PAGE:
College of
Human
Medicine

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January 2008

Regional leaders in health care and education today announced the creation of a state-of-the-art laboratory, to be housed in Grand Valley State University’s Cook-DeVos Center for Health Sciences, that will bring new cutting-edge women’s health research to downtown Grand Rapids. 

The lab is a joint effort of Grand Valley State University (GVSU), Michigan State University’s College of Human Medicine, the West Michigan Science & Technology Initiative (WMSTI) and Spectrum Health. Work is expected to commence by mid February. 

Leading one of MSU’s first Grand Rapids-based research endeavors will be Richard E. Leach, MD, MSU College of Human Medicine department chair for obstetrics, gynecology and reproductive biology. Dr. Leach is nationally recognized for research in the field of women’s health and reproductive biology, and his studies include conditions and diseases that affect women and fertility, such as endometriosis and miscarriage. 

Dr. Leach is leading the MSU/Spectrum Health recruitment of a team of scientists and physicians who will address a broad range of research issues in women’s health in the new lab. 

"This partnership between Grand Valley, WMSTI, MSU and Spectrum Health provides an extraordinary environment for recruiting accomplished researchers in women's health," Leach said. 

The MSU College of Human Medicine lab will be housed on the fifth floor of the Cook-DeVos Center - which is also home to the WMSTI. MSU researchers will have their own dedicated wet lab space, along with access to existing Grand Valley space on the fifth floor that includes 100 key pieces of laboratory equipment. 

“We're pleased to be able to facilitate this exciting opportunity which underscores another example of the incredible collaborative infrastructure under way in this community,” said Linda Chamberlain, executive director of WMSTI.

The announcement builds on the January 2007 agreement between the three institutions to collaborate on future research and academic projects by sharing resources and talent. The agreements were signed by Grand Valley President Thomas J. Haas, MSU President Lou Anna K. Simon and Spectrum Health President and CEO Richard C. Breon.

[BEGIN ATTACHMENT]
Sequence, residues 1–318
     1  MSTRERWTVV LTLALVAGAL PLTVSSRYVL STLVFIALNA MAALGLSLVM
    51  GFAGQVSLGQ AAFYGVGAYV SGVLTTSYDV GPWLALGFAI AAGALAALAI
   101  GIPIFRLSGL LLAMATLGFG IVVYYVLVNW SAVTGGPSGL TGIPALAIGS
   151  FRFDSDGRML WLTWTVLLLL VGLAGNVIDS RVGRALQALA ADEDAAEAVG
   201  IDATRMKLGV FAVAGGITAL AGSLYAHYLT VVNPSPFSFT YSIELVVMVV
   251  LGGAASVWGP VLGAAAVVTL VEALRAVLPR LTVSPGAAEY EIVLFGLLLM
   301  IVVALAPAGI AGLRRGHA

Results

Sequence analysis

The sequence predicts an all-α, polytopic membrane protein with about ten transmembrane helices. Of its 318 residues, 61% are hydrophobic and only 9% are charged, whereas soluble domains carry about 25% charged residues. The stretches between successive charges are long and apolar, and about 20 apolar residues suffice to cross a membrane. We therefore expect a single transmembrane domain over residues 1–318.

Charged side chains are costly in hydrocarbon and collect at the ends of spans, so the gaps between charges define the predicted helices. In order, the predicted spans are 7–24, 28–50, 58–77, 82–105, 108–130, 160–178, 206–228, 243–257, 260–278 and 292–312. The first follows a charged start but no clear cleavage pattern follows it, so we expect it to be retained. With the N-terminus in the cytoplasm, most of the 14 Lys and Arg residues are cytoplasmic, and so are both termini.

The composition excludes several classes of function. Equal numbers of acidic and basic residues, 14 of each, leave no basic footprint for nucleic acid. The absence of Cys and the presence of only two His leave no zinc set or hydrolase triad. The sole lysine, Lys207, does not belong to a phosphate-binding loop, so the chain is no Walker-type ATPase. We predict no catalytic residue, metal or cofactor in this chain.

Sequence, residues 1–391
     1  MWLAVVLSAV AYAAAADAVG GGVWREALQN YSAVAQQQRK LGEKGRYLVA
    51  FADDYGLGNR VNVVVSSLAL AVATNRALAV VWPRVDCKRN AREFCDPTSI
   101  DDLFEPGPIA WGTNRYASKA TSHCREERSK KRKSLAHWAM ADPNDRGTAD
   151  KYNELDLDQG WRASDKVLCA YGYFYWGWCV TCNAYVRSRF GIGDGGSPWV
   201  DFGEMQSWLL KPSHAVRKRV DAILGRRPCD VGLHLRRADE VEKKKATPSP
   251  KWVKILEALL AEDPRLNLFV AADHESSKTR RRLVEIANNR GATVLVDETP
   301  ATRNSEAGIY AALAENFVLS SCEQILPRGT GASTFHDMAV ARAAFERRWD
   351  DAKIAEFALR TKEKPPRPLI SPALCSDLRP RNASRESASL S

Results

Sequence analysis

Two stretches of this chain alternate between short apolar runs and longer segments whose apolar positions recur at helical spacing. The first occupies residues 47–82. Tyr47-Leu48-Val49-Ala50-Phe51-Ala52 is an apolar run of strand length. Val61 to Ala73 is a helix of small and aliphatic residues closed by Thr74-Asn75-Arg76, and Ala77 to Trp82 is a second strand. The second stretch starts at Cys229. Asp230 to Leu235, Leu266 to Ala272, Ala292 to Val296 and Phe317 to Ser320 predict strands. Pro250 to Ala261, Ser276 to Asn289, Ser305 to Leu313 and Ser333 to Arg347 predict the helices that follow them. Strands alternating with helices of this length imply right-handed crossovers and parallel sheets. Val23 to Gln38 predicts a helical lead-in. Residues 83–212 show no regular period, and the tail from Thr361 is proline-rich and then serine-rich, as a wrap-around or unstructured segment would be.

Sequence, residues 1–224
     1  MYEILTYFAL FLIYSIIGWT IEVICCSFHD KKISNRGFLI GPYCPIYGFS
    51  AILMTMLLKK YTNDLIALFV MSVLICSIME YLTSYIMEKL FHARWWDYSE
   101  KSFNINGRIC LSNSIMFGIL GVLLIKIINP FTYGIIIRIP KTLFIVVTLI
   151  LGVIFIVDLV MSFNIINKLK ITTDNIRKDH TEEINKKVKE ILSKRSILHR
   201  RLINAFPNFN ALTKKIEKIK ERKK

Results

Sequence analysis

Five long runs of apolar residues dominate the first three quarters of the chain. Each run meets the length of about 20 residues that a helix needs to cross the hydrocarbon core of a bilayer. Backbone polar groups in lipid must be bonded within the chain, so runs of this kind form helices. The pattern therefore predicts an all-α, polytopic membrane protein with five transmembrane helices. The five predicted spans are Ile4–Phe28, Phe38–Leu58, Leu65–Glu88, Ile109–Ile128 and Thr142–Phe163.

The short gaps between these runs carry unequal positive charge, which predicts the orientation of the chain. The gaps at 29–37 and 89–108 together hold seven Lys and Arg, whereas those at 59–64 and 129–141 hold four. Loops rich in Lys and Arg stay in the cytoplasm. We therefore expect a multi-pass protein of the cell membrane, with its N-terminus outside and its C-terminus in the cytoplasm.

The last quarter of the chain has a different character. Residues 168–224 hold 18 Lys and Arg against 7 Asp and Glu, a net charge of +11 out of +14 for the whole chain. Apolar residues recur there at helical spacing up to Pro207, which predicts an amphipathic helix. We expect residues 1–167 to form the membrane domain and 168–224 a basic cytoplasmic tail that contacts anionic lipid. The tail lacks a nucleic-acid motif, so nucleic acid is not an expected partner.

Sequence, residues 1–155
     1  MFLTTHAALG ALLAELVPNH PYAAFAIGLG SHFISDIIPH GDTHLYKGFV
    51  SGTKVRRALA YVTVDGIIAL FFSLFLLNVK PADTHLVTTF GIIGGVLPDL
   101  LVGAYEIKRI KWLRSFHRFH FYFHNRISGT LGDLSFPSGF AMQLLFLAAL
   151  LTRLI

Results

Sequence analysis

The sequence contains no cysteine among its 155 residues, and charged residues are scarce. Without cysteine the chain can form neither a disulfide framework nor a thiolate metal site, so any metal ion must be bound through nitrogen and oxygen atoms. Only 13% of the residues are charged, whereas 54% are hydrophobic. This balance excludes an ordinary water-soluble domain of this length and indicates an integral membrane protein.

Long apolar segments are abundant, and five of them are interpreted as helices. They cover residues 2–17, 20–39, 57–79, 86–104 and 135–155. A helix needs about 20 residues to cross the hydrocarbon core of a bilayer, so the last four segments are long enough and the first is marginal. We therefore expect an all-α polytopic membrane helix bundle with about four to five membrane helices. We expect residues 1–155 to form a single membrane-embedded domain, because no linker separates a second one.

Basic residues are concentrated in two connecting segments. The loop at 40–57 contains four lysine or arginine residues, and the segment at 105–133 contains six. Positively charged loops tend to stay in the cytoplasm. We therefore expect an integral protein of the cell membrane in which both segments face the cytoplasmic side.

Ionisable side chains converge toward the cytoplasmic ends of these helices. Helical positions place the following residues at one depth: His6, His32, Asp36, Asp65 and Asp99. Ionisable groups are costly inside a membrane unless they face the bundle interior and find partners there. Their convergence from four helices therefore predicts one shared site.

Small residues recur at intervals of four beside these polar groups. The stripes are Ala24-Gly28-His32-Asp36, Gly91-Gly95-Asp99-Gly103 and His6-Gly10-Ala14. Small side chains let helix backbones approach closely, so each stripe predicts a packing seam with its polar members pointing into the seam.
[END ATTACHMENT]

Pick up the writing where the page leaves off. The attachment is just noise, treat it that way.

"This is exactly the kind of collaboration that President Simon and I envisioned in our mission to respect, enhance and complement each other’s programming strengths," said Haas. 

Simon echoed those sentiments, adding: “President Haas, Mr. Breon and I agree that sharing resources and leveraging our collective strengths in health science is an effective way to expand research opportunities in West Michigan for all of our institutions.”

“This is an excellent example of how our partnership can improve research,” said Breon. “The majority of Spectrum Health’s research efforts are focused in other areas. However, this arrangement helps us expand our work in women’s health by sharing resources and staff.”

Today’s announcement marks another milestone for the Michigan State University College of Human Medicine expansion to Grand Rapids. In October, the college unveiled architectural renderings for the new Secchia Center, made possible by the generous support of Spectrum Health and the Grand Rapids community. Construction will begin this spring. The Secchia Center will open fall 2010 with a new class of 100 students. In the meantime, Michigan State University College of Human Medicine is completing renovation of a temporary site at 234 Division Avenue and will welcome 50 second-year students this fall.

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